Self-awareness is the lazy man’s get-out-of-jail-free card.
That is, if you’re the first to say you’re bad at something, no one can accuse you of it. This is a technique with which I am intimately familiar from a childhood spent expertly parrying critiques of my terrible speed, stamina, hand-eye coordination with the loud claim of how bad I was at sport. If only I could have parried a rounders ball with such ability, things might have been different.
Anyway, this all comes to mind because I did not like Family Life – Akhil Sharma’s semi-autobiographical novel of an Indian family who emigrate with high hopes which come crashing around them when their bright eldest son becomes brain-damaged. I did not like it at all. I had specific objections to it: its faux-naive child narrator style, a flattened emotional stuntedness and a lack of plot. So imagine my surprise when I came across this article by the author explaining that these were the very challenges he was aware of, that he set out to overcome:
I struggled especially with three technical challenges. [One] The novel is told from the point of view of the younger child. The danger of taking on a child’s P.O.V. is that children mostly don’t understand things… This gives the narration a flattened quality. Reading novels told from the P.O.V. of a child, you often feel like you are on the surface of events. [Two] There is also a danger to representing the physical horror of the situation that is at the heart of the novel… a central aspect of illness, the physical horror, must be kept at a distance. [Three] The story I was planning to tell had very little plot…Real life is plotless, but the experience of reading books that replicate this can be irritating.
Yes, Akhil Sharma, yes! It can! So why didn’t you stop yours from being that way?
Sharma explains in the article the cunning things he did to skirt these issues, but I’m afraid I found he failed comprehensively. Maybe it was reading 2 books on the trot about caring for debilitated family members (previous book: We Are Not Ourselves). But maybe it was more about this irritating child narrator, who is a void of emotion. All of the novel’s emotion is based in the mother – but she’s such a secondary figure, and is mediated through such a deadened narrator that it doesn’t come to life. And how about the wasted opportunity of the richness of the immigrant experience?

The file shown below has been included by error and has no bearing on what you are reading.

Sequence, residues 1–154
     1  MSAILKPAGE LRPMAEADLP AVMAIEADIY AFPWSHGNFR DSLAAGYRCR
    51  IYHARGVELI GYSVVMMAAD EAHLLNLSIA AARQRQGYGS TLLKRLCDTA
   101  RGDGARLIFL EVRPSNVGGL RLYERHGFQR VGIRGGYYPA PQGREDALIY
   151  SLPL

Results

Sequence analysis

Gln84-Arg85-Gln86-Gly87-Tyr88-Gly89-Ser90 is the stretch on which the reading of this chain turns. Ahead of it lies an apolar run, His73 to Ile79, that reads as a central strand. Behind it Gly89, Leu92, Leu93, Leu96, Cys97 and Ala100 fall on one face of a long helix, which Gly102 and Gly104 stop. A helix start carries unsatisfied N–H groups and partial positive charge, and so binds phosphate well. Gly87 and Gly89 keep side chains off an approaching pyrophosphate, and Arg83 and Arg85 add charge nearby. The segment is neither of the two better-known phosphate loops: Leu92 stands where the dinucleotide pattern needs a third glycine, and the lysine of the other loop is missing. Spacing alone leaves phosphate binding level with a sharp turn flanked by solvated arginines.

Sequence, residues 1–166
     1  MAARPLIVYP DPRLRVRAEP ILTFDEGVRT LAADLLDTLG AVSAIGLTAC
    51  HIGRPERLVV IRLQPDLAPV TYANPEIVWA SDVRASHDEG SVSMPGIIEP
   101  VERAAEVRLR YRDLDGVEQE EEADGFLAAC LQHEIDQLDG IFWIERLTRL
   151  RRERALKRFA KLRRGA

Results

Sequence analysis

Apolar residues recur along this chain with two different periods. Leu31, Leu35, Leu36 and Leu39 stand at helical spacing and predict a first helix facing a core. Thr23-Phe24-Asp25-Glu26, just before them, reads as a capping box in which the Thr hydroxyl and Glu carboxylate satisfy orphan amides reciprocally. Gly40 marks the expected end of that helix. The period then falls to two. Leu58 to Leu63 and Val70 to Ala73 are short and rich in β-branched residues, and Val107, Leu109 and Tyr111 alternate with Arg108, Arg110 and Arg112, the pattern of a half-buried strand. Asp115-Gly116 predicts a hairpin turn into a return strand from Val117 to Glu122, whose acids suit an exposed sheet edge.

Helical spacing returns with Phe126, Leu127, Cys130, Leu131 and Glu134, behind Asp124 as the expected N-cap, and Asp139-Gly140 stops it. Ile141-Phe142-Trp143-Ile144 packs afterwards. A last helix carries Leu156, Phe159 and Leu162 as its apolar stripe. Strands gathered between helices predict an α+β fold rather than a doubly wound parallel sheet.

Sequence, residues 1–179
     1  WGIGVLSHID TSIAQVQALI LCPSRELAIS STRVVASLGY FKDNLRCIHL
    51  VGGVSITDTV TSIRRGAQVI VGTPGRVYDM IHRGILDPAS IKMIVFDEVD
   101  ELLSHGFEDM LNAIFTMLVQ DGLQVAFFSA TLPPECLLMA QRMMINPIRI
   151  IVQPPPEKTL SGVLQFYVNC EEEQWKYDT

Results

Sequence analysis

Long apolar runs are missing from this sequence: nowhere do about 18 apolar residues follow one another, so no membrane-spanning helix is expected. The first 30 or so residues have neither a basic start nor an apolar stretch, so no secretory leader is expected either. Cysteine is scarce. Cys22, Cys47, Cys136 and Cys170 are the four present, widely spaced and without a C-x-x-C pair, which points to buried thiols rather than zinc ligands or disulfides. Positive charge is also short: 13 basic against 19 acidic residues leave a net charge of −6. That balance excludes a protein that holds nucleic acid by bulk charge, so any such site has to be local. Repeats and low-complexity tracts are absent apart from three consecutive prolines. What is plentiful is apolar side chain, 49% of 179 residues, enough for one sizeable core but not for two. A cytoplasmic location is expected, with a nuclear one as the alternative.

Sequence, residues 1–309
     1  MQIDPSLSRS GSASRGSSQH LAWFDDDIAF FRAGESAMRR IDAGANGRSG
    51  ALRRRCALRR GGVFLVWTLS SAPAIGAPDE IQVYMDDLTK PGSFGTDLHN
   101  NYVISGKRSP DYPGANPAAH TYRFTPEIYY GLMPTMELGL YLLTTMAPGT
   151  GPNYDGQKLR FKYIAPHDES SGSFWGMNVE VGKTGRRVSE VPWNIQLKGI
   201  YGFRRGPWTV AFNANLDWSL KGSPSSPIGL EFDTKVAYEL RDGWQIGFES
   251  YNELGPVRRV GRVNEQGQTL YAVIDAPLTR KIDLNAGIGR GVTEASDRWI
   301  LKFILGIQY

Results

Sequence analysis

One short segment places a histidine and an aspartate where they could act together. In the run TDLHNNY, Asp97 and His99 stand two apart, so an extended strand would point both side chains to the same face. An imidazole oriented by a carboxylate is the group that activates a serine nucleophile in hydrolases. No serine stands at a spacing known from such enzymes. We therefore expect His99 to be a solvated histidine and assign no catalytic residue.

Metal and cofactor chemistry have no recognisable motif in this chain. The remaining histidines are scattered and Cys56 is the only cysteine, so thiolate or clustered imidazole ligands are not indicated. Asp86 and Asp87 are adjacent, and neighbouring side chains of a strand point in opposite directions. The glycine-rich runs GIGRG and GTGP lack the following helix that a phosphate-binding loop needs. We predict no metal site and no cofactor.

Of course, this is against the point of the book, which is the bleakness, the deadening, of having a tragic accident permanently change the shape of your family, and the emotional damage inflicted on the narrator by the parents’ reaction to this event. But if your only way of communicating dead-inside is through dead-inside narration, you’re losing the hope or contrast that makes this bite. Others do not agree with me on this – one raving review posited: “Sharma’s plain style, its gaps and fissures and mighty sense of lack, is both proof of the inability of words to render grief and a demonstration that they can do exactly that.” The same review also rightly points out the “The unspoken story is the telling one” – which is essentially the heart of my problem. The one that is told isn’t very telling – and certainly not very feeling – at all.
This reaches a climax in the strange closing pages which suddenly whisk the protagonist to riches and success – fulfilling everything ever wanted from his brother – only to find no redemption, family happiness, or fulfilment.
In a novel where the whole point is a lack of an emotional heart, you have to inject your own emotion and humanity to form the compassion and counterpoint. But it’s tough to find the incentive to do that in a flattened piece of prose. So though the author had high ambitions of his narrative moving “like a rocket,” I can only imagine that would be through stinging contrast with your hopes and dreams for the narrator – but my passions never were stirred to do this. Unfortunately the self-awareness that made Sharma so aware of the potential pitfalls of this project was not enough to effectively avoid them – so instead of rocketing, this novel insteads oozes sadly along, like cold, oily grease heading towards a plug.
PS: Never fear, I LOVED the book coming up in my next post…